The Adjudicator Didn’t Like Me

April 10, 2017

We have all heard it before. Those five little words, “The adjudicator didn’t like me.” I am here to tell you, that this in fact, is an excuse.

You might be disagreeing right about now, but no matter what way you want to look at it, this statement is always an excuse, even if it is said with the best intentions.

To start with, the adjudicator will not know you personally so there is no reason for them to actually dislike you. There are rules in place at eisteddfods that prevent you from entering competitions where you have been taught by an adjudicator in an ongoing capacity. It does not make sense that someone should dislike you when they do not even know you.

Secondly, just because you did not place does not mean that the adjudicator didn’t like you. Yes, they probably did not like your turned in développé to seconde or your grand jeté with a bent back leg or the way you rushed your music but these things are elements of your dancing and not things that define you personally. Take all feedback you get on your crit sheets as constructive criticism. Show your crits to your teachers (even if you do not want to because that same correction they have been giving you for weeks is on there). The adjudicator is there to assess many elements of your dancing and then score you accordingly. Just because you beat a dancer at one competition, does not mean you should be placed higher than them at the next competition. Smile when you do not place and congratulate your peers.

Even if you did not place and all of your feedback on your crit sheet was positive, it still does not mean that the adjudicator disliked you. Yes, this sometimes happens and it can be frustrating, but the adjudicator is doing his or her best to give everyone feedback in a very short period of time. Your teacher will be aware of things you can work on and will be there when you return to the studio to help you to continue to improve. You will just look like a sore loser if you complain about the adjudication. Be happy with your positive feedback and use it as an opportunity to grow. For example, if you were told that you performed a lovely single pirouette, work with your teacher to perfect a double for next time. If you were told that you had nicely stretched legs and feet in your kicks aim to get them higher by the next competition. The adjudicator obviously thought you danced well due to the positive feedback; however, someone else still danced at a higher level and was marked accordingly.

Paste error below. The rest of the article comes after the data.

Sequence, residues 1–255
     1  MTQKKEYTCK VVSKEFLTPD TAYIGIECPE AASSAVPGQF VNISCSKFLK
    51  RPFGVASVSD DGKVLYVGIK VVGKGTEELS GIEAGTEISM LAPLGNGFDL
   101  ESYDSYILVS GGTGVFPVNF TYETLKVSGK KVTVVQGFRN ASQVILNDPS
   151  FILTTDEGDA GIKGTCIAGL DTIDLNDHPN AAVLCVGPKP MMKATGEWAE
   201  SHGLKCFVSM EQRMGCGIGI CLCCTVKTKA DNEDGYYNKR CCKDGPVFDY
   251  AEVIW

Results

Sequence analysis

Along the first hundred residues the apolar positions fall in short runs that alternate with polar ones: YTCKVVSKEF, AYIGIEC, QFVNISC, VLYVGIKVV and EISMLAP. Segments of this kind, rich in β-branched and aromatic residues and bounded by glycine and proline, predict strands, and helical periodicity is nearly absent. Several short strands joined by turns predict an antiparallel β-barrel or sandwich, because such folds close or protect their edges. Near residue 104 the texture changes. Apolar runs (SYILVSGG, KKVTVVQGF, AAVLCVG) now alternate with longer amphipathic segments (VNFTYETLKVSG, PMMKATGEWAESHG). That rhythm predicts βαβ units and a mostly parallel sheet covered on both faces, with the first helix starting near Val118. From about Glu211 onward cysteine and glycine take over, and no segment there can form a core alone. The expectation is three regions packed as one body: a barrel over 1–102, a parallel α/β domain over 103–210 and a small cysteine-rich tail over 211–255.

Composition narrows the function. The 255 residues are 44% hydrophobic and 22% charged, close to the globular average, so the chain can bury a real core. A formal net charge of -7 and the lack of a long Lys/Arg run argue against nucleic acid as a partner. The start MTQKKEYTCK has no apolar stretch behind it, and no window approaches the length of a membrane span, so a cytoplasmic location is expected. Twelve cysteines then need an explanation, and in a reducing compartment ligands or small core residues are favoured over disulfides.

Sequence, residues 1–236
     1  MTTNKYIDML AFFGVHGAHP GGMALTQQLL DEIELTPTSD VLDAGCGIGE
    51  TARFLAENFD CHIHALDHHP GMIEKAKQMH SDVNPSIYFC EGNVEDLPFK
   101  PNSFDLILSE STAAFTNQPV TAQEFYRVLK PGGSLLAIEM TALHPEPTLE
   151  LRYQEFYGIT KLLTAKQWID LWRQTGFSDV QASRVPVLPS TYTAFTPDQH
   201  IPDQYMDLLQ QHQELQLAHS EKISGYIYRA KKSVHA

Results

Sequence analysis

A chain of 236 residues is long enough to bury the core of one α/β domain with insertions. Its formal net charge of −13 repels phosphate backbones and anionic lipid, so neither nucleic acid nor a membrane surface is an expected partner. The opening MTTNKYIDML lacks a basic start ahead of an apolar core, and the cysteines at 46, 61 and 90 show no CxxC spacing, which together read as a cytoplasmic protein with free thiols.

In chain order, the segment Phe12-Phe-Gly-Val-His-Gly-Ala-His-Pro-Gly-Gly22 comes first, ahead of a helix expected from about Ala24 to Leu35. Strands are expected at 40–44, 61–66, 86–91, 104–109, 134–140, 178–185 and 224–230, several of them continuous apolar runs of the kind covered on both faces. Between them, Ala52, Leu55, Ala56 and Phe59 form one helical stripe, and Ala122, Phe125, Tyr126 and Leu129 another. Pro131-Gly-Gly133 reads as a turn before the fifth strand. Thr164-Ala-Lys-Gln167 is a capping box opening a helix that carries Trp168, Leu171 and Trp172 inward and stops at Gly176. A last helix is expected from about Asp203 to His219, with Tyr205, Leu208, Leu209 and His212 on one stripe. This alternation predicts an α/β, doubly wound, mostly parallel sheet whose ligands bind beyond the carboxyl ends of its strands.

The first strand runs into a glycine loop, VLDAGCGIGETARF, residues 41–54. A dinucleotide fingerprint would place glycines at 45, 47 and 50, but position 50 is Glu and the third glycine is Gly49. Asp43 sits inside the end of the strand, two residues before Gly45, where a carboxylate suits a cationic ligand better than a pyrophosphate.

The penciller, a committee member and myself at the adjudicator’s table back in 2009.

Last but not least, and probably the worst one I have heard numerous times in the fifteen years I have been teaching competition students is, “Mum told me that x wasn’t very good and that I should have beaten them. The adjudicator must not have liked me.” My response to this when I have heard it from students in the past is, “The adjudicator has no reason to dislike you. Take the feedback, move on and congratulate the others that placed.” Now, for the parents out there, I ask you this. Would you try and tell a mechanic how to fix your car if you were not trained in this field? Would you attempt to build a house without any experience? Would you do a good job of colouring, cutting and styling someone’s hair when you had not been trained to do so? My point is this. Adjudicator’s are professionals too and they deserve our respect. They have grown up in, lived and worked in the dance scene and are knowledgeable in their field. It is possible for them to make a mistake as they are also human; however, this will be on the rare occasion and it is not up to parents, teachers or students to decide that a mistake has been made.

An image of the theatre where I adjudicated my very first eisteddfod way back in 2009!

On one such occasion, when I was a young teenager, I competed in a competition and was not awarded a place. I knew I had danced well. My mum knew I had danced well. My teacher knew I had danced well. Yet, I had not placed. The awards were given out and the curtains had closed. This particular section was not a standard one and large monetary prizes were given to the winners. It did not matter though, as I knew I had done my best and I could still improve on various elements of my performance. My mum and teacher probably thought the adjudication was strange but they never said this to me. (In fact, my mum never made comments like this to me in all of the fifteen years I competed in competitions.) As it turned out, five minutes later, when I was about to start changing, the organisers came and saw me and told me there had been a mistake and that I was meant to have been awarded 2nd place. The whole thing was dreadfully awkward for everyone; however, it proves that on occasions mistakes can happen.

Despite all of this, my mum and teacher were the perfect examples to me of how to take what may or may not have been a mistake as a good sport. Whether that result had been right or wrong, it was not the end of the world. There was always the next year to compete again. The main thing I am trying to say to parents here is this – Even if you think an eisteddfod result could have been wrong, do not say this to your child. 99% of the time, it will not be a mistake anyway and the 1% where it may have been one, it will be a good opportunity for them to learn to take things on the chin and celebrate the successes of others. By doing this, even if your children do not have careers in dance, they will have learnt valuable life skills such as respect, acceptance and comradery that they will take with them well into the future.

Rebecca Bickerton

Director – Dance Stream Victoria


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